Monday, June 29, 2015

Banks and Armies

From Thos. Jefferson:
... “I believe that banking institutions are more dangerous to our liberties than standing armies.” He also wrote, “The trifling economy of paper, as a cheaper medium, or its convenience for transmission, weighs nothing in opposition to the advantages of the precious metals.” You’ll notice that Jefferson identified “the precious metals” (plural) – meaning gold and silver – as being superior to paper currencies.
Two abominations we now have, standing armies and paper currency, have very much harmed the republic.  The armies are extensions of the banks, and the banks need to armies to protect their mischief worldwide.

Yes, we need gold and silver as money, but we do not need much money to make an economy prosper.  We need a separation of business and state, the state having no role in the economy, so natural banks can evolve and the necessary element of private credit might thrive.

Feel free to forward this by email to three of your friends.


Anonymous said...

Americans should be infuriated at American foreign policy which seems to be enforcers for American big businesses. The U.S. is actually instigating conflict with other countries, like Russia, Iran and China. The media is not giving the American public an accurate picture of what is going on in the rest of the world. How can the U.S. government support the apparently Nazi government in Ukraine? Is it just because they are anti-Russian?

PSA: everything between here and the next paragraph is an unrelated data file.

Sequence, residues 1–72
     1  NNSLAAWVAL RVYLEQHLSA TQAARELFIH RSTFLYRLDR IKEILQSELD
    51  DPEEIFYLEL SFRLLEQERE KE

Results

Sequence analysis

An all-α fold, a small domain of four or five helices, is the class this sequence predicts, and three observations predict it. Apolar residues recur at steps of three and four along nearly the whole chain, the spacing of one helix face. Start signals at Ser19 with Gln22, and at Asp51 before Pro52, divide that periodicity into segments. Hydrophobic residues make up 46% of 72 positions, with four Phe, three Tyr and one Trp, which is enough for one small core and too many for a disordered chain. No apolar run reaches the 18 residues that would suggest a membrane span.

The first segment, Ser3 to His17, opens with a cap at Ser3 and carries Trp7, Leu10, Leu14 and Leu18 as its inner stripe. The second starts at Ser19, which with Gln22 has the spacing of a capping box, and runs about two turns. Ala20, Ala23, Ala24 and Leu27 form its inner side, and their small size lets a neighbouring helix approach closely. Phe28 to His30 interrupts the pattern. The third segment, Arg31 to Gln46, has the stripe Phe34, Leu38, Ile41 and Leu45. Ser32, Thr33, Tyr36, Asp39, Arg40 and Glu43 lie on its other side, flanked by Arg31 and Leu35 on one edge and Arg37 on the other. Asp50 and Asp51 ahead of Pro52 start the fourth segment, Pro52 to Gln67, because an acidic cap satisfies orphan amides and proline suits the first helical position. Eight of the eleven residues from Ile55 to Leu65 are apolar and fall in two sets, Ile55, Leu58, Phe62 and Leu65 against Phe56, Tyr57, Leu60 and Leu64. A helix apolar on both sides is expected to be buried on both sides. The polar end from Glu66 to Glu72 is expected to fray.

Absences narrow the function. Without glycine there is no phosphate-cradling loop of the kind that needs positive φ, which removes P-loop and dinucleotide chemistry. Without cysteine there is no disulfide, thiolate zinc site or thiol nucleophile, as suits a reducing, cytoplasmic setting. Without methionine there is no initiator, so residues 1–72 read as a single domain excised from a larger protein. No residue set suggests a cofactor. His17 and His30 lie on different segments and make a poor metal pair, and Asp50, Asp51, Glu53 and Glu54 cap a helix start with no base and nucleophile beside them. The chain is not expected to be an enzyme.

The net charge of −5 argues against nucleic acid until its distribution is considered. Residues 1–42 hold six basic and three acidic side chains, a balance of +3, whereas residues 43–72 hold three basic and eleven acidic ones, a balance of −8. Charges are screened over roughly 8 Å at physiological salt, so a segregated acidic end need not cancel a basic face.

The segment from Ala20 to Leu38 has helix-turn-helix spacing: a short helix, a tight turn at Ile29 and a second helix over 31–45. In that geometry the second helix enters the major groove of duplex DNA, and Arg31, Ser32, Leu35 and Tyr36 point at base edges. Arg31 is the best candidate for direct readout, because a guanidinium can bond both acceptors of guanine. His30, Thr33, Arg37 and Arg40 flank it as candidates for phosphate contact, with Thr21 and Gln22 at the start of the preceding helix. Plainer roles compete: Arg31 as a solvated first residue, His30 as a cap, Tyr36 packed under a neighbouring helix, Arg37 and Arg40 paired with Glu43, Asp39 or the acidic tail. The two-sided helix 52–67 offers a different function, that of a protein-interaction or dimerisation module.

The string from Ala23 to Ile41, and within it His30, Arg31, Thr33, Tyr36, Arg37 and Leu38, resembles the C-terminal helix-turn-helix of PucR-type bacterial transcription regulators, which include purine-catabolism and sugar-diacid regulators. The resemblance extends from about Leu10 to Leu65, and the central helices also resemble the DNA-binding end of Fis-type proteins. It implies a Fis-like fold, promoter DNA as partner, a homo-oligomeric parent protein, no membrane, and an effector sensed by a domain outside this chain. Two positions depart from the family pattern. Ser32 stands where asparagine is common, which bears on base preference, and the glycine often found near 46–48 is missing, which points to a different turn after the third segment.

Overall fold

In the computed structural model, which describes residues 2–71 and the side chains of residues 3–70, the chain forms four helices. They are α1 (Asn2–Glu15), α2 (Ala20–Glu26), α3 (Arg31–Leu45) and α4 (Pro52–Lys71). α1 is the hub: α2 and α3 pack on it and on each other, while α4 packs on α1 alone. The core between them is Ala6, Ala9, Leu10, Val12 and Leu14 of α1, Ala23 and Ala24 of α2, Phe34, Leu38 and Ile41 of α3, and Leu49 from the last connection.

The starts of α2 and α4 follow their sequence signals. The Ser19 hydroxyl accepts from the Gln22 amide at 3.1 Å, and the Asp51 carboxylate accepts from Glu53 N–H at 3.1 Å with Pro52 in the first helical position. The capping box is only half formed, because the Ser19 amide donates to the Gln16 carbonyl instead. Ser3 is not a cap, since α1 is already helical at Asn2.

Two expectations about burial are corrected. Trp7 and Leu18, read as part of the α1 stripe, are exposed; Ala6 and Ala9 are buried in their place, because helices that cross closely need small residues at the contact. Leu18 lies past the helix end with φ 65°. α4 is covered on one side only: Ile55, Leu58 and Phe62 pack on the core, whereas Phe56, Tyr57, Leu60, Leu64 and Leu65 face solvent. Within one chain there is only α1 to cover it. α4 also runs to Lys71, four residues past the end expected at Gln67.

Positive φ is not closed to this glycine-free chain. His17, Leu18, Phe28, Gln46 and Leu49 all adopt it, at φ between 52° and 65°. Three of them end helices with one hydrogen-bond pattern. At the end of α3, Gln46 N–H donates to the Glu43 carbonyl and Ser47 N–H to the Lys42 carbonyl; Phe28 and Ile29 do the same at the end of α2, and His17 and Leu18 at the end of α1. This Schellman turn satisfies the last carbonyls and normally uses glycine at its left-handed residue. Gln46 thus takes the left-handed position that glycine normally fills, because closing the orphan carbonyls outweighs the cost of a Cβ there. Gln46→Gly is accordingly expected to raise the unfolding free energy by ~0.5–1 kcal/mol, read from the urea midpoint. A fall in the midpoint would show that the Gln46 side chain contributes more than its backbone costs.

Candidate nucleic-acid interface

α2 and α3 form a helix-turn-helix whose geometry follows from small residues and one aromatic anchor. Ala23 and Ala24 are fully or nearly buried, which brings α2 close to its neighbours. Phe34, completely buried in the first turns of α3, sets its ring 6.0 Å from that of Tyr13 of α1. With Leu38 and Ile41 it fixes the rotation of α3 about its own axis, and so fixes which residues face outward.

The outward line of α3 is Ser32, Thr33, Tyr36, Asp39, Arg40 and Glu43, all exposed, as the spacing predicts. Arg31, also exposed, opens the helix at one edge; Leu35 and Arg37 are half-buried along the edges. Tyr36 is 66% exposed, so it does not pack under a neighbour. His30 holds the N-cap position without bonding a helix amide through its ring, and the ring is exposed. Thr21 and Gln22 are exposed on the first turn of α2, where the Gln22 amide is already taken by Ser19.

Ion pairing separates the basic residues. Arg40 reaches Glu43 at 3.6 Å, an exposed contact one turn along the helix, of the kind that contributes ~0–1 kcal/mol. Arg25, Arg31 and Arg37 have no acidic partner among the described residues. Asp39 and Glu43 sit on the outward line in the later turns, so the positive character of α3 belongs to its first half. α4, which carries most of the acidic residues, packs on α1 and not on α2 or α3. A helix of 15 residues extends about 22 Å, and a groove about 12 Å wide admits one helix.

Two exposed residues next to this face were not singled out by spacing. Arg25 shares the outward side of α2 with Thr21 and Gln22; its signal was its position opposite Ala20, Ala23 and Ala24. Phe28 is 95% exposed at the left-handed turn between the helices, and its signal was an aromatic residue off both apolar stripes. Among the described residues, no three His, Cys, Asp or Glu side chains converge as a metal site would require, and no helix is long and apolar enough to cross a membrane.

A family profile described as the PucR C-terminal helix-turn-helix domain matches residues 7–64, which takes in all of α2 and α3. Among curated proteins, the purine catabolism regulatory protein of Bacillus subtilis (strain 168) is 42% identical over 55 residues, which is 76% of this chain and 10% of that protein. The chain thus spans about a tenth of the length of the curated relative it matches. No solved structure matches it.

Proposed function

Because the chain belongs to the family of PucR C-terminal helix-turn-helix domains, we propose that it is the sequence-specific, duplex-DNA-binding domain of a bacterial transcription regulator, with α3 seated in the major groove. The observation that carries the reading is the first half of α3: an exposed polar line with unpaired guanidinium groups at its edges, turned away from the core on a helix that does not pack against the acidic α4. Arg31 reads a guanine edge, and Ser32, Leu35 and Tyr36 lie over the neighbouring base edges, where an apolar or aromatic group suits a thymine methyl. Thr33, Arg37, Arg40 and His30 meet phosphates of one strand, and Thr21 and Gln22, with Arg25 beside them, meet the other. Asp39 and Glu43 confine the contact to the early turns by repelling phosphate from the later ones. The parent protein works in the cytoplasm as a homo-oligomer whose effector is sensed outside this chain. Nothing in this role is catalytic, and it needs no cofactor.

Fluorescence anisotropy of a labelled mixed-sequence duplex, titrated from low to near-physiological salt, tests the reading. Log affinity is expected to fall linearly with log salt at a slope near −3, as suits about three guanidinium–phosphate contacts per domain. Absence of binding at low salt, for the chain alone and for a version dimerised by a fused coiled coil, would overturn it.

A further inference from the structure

John Wiley Spiers said...

It's capitalism, not free markets.

Anonymous said...

Business and state will always be inseparable as long as there are revenues (i.e. taxes) to be acquired by the state.

Anonymous said...

The problem with completely free markets:

John Wiley Spiers said...

Mustn't fall for the false dilemma and straw man arguments, and certainly never expect a free market definition that includes politicians.

All of the problems catalogued started with state intervention, so calling state policy failures market failures is dishonest. Monopolies only survive by state power.

There is no role for the state in a free market. Start from there, not from the assumption we need state intervention, and you'll start asking the right questions.